Over the past four years there have been three prime ministers of the United Kingdom, two general elections and one referendum on Brexit. No one has led the UK out of the European Union (EU) yet.
The road to hell, it’s said, is paved with good intentions. And Boris Johnson took over his Conservatives with every good intention of leading his party to the promised land outside the EU. In his own words, he would make Brexit happen by October 31 rather than ask for an extension.
The ghost of Brexit is still very much haunting British politics long after Halloween has come and gone. The EU has said the Brits will remain part of the club until January 31 for now — granting an extension.
Instead, Boris will be walking all the way to a general election on December 12 — a prime minister overseeing a zombie parliament for the past three months lingering between life inside and outside of the EU.
So far, after three months in power, the only vote of significance that Boris has actually won — and even then only after three other failed attempts — is to manage to call a general election a fortnight before Christmas.
If you thought the prospect of a Brexit on Halloween was scary, then watch out for Friday the 13th — December 13 — when the results of this general election will become clear.
There is every chance that it will once more be a parliament paralysed by divisions. And as scary as the prospect is of Boris winning a majority, the equally fearful prospect is that it will once again be a haunted House of Commons where the demons of Leave and Remain roam the division chambers.
Labour will be desperately trying to avoid the subject of Brexit when ever possible. Simply put, its position is rather like the contortionist in a Victorian peep show.
And as scary as the prospect is of Boris winning a majority, the equally fearful prospect is that it will once again be a haunted House of Commons where the demons of Leave and Remain roam the division chambers
Can anyone believe for one minute that voters will support a party whose official position is that if it gets to form a government, it will reopen negotiations with the EU once more, then come back to parliament with a third — that’s right — a third Brexit deal, then put that or Remain to the voters to let them choose in another referendum.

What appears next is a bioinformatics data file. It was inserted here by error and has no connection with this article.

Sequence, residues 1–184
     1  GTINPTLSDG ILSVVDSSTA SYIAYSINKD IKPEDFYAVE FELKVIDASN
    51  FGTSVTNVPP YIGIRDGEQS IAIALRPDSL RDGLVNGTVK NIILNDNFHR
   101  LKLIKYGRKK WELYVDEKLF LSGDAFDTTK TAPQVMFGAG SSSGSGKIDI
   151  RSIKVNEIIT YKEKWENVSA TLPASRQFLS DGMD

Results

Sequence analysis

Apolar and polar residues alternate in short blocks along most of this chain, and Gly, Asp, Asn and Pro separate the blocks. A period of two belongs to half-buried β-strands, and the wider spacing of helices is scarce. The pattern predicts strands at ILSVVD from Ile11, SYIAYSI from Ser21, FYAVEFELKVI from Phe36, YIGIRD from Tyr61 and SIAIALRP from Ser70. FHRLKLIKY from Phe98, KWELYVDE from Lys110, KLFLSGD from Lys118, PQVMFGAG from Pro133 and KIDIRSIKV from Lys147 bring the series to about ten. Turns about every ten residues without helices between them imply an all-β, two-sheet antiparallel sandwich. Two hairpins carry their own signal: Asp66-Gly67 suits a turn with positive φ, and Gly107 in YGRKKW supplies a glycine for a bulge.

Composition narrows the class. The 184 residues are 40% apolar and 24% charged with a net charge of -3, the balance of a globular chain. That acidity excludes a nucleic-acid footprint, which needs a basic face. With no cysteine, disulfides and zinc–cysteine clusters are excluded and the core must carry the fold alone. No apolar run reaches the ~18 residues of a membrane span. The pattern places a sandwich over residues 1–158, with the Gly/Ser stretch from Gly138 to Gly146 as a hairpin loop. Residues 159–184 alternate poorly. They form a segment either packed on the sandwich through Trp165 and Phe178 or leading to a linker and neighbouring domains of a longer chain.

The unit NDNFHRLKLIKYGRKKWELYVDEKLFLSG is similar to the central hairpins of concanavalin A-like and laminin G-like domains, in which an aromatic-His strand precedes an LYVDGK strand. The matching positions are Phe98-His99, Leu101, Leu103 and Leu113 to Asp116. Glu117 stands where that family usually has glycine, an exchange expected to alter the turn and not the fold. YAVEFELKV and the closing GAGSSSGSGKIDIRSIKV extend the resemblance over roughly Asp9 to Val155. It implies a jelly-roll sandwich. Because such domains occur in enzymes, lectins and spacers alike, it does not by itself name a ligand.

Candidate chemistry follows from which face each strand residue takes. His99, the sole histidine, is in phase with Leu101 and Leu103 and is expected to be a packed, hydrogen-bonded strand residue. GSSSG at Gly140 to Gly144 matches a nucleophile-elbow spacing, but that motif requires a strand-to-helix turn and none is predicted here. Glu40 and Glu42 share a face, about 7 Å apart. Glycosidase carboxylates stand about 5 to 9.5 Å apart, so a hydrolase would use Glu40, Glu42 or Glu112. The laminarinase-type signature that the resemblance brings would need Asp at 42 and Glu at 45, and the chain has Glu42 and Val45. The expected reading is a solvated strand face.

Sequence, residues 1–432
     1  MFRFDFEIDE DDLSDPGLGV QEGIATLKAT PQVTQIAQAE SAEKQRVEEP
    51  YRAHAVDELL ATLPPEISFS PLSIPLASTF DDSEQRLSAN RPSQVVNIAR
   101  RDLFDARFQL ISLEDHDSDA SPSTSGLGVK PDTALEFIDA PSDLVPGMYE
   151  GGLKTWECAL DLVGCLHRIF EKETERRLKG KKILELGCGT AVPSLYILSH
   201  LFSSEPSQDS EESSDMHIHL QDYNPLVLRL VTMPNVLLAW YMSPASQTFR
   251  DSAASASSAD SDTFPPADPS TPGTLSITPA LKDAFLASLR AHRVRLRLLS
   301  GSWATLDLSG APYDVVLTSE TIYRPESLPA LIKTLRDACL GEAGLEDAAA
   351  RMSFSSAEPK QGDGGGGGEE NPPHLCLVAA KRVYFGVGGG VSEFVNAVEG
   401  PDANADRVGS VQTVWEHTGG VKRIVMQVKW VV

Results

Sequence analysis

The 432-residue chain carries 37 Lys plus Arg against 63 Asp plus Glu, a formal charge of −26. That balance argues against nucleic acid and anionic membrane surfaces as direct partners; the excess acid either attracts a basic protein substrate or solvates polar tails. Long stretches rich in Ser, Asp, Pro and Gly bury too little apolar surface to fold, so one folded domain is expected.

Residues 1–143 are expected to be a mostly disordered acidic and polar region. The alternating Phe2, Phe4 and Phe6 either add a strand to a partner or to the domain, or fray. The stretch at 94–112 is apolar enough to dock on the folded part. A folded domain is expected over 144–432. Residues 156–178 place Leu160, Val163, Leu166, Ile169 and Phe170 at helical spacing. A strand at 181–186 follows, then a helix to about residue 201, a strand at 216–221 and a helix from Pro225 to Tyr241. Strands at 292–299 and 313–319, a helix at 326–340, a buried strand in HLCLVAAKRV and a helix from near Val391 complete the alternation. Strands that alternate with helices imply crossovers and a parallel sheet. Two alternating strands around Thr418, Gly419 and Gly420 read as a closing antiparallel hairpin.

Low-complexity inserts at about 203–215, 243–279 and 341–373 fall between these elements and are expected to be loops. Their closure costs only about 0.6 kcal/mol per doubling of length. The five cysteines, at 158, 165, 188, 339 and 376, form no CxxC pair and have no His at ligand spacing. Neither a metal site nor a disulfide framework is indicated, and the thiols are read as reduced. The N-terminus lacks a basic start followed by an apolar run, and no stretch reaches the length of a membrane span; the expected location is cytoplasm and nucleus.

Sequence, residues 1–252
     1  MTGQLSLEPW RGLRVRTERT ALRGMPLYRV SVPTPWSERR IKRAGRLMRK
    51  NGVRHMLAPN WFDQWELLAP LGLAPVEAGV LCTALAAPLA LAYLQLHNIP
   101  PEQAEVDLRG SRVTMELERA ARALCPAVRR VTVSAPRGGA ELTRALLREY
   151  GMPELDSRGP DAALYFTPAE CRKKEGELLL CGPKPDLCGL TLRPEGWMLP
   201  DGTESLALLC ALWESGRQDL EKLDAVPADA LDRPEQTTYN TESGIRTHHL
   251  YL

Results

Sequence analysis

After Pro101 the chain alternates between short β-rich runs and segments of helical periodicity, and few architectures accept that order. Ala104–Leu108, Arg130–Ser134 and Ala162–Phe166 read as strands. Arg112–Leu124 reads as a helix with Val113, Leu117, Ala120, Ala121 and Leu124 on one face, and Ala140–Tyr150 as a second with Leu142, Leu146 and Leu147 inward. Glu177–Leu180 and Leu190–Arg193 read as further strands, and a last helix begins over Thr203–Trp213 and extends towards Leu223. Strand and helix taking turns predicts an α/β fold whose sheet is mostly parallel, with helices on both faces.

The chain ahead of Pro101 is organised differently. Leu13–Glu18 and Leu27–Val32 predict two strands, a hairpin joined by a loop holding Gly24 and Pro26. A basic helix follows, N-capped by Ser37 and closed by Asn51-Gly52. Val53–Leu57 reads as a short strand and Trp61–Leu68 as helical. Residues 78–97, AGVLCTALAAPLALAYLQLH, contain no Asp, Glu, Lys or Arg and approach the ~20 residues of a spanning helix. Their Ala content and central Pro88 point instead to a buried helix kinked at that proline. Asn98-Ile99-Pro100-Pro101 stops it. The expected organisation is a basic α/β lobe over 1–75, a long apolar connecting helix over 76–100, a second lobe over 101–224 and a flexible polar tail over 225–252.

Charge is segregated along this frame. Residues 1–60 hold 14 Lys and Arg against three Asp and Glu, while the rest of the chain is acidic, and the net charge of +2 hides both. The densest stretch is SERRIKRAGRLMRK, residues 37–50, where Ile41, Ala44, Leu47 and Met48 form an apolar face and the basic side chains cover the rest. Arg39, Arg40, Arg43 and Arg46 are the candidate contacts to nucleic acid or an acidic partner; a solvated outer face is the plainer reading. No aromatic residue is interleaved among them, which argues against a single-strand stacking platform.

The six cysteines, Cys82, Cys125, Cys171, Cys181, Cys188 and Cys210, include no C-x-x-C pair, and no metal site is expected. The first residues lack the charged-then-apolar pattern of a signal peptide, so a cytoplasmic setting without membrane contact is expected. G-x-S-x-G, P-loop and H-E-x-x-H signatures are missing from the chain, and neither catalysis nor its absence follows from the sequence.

At that rate, Brexit still won’t happen for another year or so — or might not indeed happen at all.
Boris and his Conservatives have not exactly covered themselves in glory on this front either. For all of his bluster, his dead-ditch entreaties, his promise to get it done, he has had to ask for an extension, couldn’t get his much-vaunted deal through parliament either, and won’t be able to say for sure when Brexit will happen — by January 31 or some other yet to be determined date.
You might think this election would be a cakewalk for those who believe Boris is the man to deliver Brexit and he has been thwarted by the combined opposition parties and Remains in the House of Commons.
Or may be not.
According to analysts, there are some four million Labour voters, mostly in the north of England, who might be convinced to vote for Boris and the Conservatives to get Brexit done. They are in constituencies that overwhelmingly voter for Leave in the 2016 referendum.
But those are areas that have been hard hit by a decade of austerity wrought by the Conservatives — and Boris isn’t exactly known for his trustworthiness.
Labour will be doing everything in its power to make policing, the health service, austerity, student finances, trains and crime the issues that matter — anything but its very confusing Brexit stance.
That’s just in the north of England. Head south, close to the capital, to London and the Home Counties, where dozens of Conservative Members of Parliament represent constituencies that overwhelming voted to Remain, the Boris’ party appears very vulnerable to a straight forward approach from the Liberal Democrats, who will be campaigning for a second referendum and Remain — as if these past three years of torture would not have happened at all.
Those same analysts predict that even Conservatives who have a majority of 10,000 votes are vulnerable in the election given the strength of opposition to Brexit.
In his own seat of Uxbridge and South Ruislip, Johnson had a majority of 5,024. That’s considered vulnerable this time out and there has been suggestions in some party quarters that he might consider running in a safer constituency.
And Jacob Rees-Mogg, the ultra Brexiteer? He holds his Devon-area seat for the Conservatives with a healthy 10,000 vote margin. If the Lib-Dems can get a pact with other parties there, they believe they could knock him off.
So yes, be very aware of Friday the 13th.